Unfortunately for the Transformers, there is no George Lucas to patrol what happens to the Autobots and Decepticons and their home planet of Cybertron; thus the numerous story lines. Freelance writers and fans (like myself) have even written stories that continue events, but no one monitors what happens and what shouldn't happen. Timothy Zahn could not make a move with his Thrawn Trilogy unless Lucas approved. Can this be a part of STAR WARS world success? So many people have so many ideas as to what direction the Transformers should take, and the Transformers have yet to reach fans on all mediums, as STAR TREK and STAR WARS have. There is no question the graphic novels, video games, role playing games, sin-off TV shows and even movies would sell and play as excellent PR for Transformers, if done correctly. But substance must be brought to them, a sense of reality. Mortality and continuum seem to be two of the crucial fibers in securing and substantiating an alternate reality.
Though the mortality rule would help make the Transformers' universe a little more realistic and dramatic, not many fans argue with the numerous reincarnations of Optimus Prime and Megatron, two of the most recognized Transformers worldwide. Prime himself may be the most recognized Transformer in close to the almost two decades of the world's exposure to the Robots In Disguise.
Optimus Prime is extremely popular; he has up to seven different action figures in America to date claiming his name and fans were passionately displayed with his demise in the 1986 release of "Transformers: The Movie". As a result of the fan uproar, the creative staff of the TRANSFORMERS television show decided to coo the crying fans by returning Optimus to life, thus making the movie production team's major theme in the feature-length film "Cybertronians are mortal also" almost obsolete.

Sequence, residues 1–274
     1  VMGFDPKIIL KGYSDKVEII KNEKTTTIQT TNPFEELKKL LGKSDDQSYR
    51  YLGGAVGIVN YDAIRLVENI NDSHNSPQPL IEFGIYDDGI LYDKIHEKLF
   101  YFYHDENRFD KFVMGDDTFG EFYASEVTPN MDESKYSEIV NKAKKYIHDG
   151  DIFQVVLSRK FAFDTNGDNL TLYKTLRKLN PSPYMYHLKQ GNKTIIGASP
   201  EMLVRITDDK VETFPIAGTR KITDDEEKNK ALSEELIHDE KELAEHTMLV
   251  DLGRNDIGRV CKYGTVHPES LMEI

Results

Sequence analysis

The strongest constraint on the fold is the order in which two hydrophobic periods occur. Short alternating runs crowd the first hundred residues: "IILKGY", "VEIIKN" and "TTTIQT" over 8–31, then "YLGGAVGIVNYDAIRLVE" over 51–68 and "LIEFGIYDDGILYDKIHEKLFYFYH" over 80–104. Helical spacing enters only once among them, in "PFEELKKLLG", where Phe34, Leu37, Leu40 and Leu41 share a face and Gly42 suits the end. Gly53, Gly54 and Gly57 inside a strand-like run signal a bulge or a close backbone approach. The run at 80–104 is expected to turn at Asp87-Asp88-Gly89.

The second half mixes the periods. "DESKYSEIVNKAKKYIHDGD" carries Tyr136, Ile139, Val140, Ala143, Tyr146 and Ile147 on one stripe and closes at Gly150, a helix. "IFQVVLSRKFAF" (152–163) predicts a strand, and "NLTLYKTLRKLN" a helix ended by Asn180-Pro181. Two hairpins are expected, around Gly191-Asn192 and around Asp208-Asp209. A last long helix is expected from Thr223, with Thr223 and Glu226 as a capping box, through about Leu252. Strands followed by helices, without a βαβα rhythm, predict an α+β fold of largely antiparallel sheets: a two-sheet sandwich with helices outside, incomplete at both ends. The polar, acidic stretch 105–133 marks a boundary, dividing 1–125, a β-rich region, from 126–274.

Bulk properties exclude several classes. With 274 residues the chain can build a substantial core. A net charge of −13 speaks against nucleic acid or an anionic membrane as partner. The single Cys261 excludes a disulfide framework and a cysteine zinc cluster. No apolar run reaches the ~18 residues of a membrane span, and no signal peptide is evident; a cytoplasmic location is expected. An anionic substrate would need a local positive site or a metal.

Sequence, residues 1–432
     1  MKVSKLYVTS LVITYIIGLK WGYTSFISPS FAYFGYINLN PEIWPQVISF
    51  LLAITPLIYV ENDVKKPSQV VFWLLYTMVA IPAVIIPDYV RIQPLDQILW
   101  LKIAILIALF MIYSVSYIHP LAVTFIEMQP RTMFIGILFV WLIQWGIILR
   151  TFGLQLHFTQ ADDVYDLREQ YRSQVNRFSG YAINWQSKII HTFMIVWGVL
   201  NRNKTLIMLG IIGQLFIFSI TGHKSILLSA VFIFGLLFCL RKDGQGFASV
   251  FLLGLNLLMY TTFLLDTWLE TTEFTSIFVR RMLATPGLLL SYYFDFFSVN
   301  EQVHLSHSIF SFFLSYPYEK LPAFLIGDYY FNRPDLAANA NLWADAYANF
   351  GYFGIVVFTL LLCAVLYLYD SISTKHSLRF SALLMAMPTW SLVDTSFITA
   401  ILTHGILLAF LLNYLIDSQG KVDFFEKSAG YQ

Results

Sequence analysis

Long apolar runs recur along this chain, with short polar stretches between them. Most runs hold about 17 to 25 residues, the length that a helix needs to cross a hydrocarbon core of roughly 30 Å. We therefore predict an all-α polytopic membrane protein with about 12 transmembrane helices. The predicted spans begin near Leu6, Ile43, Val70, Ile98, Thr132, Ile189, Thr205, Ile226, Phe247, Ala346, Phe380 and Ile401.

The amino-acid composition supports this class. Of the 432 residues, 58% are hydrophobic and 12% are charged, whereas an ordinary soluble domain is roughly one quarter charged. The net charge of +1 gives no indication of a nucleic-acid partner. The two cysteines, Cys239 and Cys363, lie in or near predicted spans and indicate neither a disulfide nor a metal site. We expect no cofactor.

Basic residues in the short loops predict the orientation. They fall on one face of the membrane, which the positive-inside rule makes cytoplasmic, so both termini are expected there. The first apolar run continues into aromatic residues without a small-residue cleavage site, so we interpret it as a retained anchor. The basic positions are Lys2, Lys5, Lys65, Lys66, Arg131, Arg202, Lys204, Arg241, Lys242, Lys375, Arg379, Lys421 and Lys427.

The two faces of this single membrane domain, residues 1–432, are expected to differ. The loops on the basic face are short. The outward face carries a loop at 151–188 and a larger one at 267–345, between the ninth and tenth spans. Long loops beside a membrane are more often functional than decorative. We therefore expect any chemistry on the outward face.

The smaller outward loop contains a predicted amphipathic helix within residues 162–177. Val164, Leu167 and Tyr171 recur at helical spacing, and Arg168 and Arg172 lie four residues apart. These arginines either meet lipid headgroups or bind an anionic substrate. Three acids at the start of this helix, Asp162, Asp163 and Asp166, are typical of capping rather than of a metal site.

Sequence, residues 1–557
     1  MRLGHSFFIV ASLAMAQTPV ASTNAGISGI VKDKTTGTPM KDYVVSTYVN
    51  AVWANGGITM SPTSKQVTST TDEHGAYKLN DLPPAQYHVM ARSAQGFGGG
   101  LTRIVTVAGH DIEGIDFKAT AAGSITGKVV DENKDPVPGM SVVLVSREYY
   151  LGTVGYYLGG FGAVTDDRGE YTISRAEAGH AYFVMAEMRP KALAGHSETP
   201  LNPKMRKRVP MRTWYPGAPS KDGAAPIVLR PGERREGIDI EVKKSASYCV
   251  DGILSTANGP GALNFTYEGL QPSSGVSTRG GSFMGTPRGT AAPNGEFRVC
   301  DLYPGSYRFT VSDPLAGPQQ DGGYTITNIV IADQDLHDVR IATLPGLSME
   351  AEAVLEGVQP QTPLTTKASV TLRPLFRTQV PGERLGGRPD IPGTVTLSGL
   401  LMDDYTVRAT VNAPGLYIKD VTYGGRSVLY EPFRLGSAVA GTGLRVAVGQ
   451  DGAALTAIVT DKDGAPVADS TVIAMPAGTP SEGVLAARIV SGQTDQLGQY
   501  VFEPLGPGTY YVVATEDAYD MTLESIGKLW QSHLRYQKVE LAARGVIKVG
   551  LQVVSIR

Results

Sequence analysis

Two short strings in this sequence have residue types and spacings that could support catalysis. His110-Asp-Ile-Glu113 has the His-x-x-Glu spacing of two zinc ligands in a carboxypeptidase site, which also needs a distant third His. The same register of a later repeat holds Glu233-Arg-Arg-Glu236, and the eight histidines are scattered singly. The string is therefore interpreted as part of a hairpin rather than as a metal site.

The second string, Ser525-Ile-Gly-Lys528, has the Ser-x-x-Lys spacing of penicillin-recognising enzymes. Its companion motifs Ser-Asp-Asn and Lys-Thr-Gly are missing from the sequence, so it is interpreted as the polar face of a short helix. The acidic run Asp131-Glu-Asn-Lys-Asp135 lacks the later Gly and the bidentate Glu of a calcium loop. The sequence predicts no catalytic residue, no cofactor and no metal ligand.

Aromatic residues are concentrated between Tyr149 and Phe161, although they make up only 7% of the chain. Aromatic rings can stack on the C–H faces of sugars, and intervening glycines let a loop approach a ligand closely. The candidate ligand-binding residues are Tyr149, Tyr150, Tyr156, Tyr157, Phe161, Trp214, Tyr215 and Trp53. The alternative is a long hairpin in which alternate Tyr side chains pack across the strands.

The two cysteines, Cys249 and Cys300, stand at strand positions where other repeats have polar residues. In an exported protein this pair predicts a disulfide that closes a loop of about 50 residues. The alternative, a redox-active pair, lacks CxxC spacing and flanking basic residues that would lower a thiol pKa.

Megatron, on the other hand, possesses a different track record. Though he too is fairly popular, and has an equal number of action figure reincarnations (I include Galvatron), he did not cause any uproar with any death. Throughout the television series, the Imperial Decepticon Leader was notorious and uncanny for escaping death (much like Captain Kirk in STAR TREK). He pulled an ultimate bout of uncanny luck eluding ultimate oblivion when Unicron "slave-named" him Galvatron. The only reason why Megatron seemed so different was because of the damage caused to his mental circuits in the molten pit in which he was hurled into by Rodimus Prime. Overall, Megatron once again escaped death, and to this day suffices as leader of the "Decepticons (at least by American standards).
The credibility of mortality in these cases is fairly acceptable, due to excellent storytelling. A lot of story lines kill off characters, only to anti-climatically bring them back to life (thus being a major cop-out). Marvel Comics is notorious for killing off characters and then bringing them back with the typical "alternate universe", "time travelling", "oh I got out in time" mumbo-jumbo. It has happened so much (G.I.Joe screamed it) in the Marvel Universe that when you see a character killed off these days, you don't mourn because the character will pop up again in due time. But most fans seemed to have swallowed the bullet when Spock, Scotty and even Captain James Kirk escaped death to pop up in the 24th Century with Picard and crew. Fans did the same when Emperor Palpatine came back in the present accumulative of three times after his death in Return of the Jedi (due to a convenient plethora of Dark Side clones). All in all, the mortality rule can be bent a little with good storytelling. Megatron is not immortal, he just seems that way because of his tactical genius and sheer luck, and "relentless resilience". Prime is not immortal either, though I would personally like to see a better story that explains his return.